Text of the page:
In this example, only four bits are used as an index into a WAT table. Each table contains sixteen entries, which are indexed by a WID from WID buffer 614 in FIG. 6. This is in contrast to an eight bit system in which the WID is split between the color WAT and the overlay WAT. The four bit WID is shared between the overlay and color WAT. So each WID entry will point to an overlay WAT and color WAT. The buffer used to display the pixel on the screen will depend on a setting of the overlay WAT for the WID entry. This setting will be an opaque overlay, transparent overlay, or disabled overlay. If the setting is disable overlay, the buffer used to display the pixel will be the color frame buffer, with the pixel interpretation defined by the color WAT table indexed by the WID value. If the setting is opaque overlay, the buffer used to display the pixel will be the overlay frame buffer, with the pixel interpretation defined by the overlay WAT table indexed by the WID value. If the setting is transparent overlay, the buffer used to display the pixel is determined by the pixel value in the overlay frame buffer.

If the pixel value in the overlay frame buffer is not the defined transparent pixel value (e.g. 0xff), the buffer used to display the pixel will be the overlay frame buffer, with the pixel interpretaion defined by the overlay WAT table indexed by the WID value. If the pixel value in the overlay frame buffer is the defined transparent pixel value, the buffer used to display the pixel will be the color frame buffer, with the pixel interpretation defined by the color WAT table indexed by the WID value.

The present invention provides a method, apparatus, and computer implemented instructions for restoring WIDs for pixels in a color frame buffer when an overlay WID region is removed. The mechanism of the present invention updates WIDs for pixels in a color frame buffer in a specified region corresponding to the region that was removed for WIDs for pixels in the overlay frame buffer. All 2 dimensional and 3 dimensional WIDs are updated if they fall within the specified region. This process occurs using a root window as the parent window and traversing the window tree. If the window is a color window(layer 0), then the exposed WID region for the window is intersected with overlay region that was removed. If this exposed region is not empty, the region is redrawn in the WID buffer using the windows WID. This exposed region is the exposed WID region for the color window intersected with the overlay region that was removed.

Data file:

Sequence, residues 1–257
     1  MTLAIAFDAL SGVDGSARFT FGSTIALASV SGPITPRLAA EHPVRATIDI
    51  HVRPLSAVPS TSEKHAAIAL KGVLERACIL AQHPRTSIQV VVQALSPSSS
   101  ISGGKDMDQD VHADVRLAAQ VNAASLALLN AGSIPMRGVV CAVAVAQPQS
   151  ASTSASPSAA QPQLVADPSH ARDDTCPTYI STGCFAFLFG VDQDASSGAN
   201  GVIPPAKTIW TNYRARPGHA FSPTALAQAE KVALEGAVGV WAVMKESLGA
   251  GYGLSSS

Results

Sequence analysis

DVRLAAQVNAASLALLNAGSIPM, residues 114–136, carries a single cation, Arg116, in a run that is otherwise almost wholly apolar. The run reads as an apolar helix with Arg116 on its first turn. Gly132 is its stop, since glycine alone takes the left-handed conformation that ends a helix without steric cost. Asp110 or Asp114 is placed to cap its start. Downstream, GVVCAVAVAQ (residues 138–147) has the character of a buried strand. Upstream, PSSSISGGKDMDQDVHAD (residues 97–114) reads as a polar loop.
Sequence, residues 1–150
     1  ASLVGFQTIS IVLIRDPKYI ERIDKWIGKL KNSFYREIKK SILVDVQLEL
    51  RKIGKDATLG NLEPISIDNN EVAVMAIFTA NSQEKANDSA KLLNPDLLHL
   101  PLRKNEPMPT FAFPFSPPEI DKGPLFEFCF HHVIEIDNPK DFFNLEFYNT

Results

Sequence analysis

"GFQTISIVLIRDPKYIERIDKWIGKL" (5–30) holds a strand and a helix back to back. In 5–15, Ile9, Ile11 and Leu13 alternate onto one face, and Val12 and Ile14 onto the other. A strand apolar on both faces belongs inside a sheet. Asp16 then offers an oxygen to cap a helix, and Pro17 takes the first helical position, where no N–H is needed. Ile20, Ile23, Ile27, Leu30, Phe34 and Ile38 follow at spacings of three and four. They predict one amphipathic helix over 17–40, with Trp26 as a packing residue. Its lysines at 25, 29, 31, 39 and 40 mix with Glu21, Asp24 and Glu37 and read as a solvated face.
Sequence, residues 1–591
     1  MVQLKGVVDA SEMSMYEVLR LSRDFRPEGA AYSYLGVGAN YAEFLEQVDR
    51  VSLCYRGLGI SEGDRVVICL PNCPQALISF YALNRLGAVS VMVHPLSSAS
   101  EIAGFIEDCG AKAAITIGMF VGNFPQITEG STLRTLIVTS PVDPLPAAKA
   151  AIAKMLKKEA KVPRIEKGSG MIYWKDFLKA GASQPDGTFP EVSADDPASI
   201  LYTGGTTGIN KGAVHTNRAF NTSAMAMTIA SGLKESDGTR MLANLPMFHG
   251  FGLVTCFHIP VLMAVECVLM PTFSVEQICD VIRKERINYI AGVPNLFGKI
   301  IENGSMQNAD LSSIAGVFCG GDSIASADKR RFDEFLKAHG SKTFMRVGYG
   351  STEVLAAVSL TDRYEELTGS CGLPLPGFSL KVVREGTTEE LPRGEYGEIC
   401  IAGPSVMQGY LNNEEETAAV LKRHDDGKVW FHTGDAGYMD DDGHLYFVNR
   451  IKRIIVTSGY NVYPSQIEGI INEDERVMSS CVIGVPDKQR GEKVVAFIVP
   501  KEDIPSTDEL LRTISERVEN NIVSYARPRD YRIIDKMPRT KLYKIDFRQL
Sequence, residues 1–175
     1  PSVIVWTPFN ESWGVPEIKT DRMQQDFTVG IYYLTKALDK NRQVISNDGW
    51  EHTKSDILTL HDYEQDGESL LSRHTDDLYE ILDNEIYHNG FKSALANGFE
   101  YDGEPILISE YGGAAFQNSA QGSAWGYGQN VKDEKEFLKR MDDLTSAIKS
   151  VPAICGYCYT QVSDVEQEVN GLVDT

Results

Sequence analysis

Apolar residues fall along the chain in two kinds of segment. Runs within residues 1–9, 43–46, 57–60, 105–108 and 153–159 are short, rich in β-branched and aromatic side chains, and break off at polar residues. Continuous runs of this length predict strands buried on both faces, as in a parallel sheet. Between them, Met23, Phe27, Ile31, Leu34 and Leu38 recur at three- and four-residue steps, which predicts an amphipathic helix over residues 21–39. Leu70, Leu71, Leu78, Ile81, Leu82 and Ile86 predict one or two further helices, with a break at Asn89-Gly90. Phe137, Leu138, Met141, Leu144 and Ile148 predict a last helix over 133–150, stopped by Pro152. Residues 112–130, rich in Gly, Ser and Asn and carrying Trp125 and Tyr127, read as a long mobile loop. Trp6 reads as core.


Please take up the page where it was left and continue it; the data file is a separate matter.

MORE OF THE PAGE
With reference now to FIG. 8, an illustration of an overlay is depicted in accordance with a preferred embodiment of the present invention. In this example, map 800 may be displayed using pixels located in two frame buffers and a single WID buffer. Map 800 includes a set of pixels in a color frame buffer that represent states in map 800. For example, shape 802 is that of the State of Texas. The pixels for shape 802 are located in a color frame buffer, while the text “Texas” 804 is located in an overlay frame buffer. In this example, “Texas” 804 is located in a region 806 in the overlay frame buffer, while shape 802 is located in a region 808 in the color frame buffer. The region where the text is located is opaque, while other portions are transparent. As an example depicted in accordance with the present invention, the overlay region 806 is removed, then the display information for the color buffer will be updated to provide the correct pixel interpretation for the color buffer where the overlay region was removed.

With reference now to FIG. 9, a diagram illustrating a window tree is depicted in accordance with a preferred embodiment of the present invention. Window tree 900 is stored within a data structure in a main or host memory of a data processing system. In these examples, window tree 900 is maintained by an x server. Window tree 900 includes a root window 902. Window 904 and window 906 are children windows of root window 902. Window 904 and window 906 are called sibling windows in window tree 900. Windows 908, 910, and 912 are sibling windows to each other and are children windows to window 904. Window 914 is a child to window 908. In this example, window 902 represents a color or layer 0 window similar to that illustrated in region 808 in FIG. 8. Window 908, in this example, is an overlay or layer 1 window similar to region 806 in FIG. 8. The other windows may be either layer 0 or layer 1 windows as shown in FIG. 9. With these different windows in window tree 900, the present invention will identify the parent or root window, as well as processing the different overlay windows.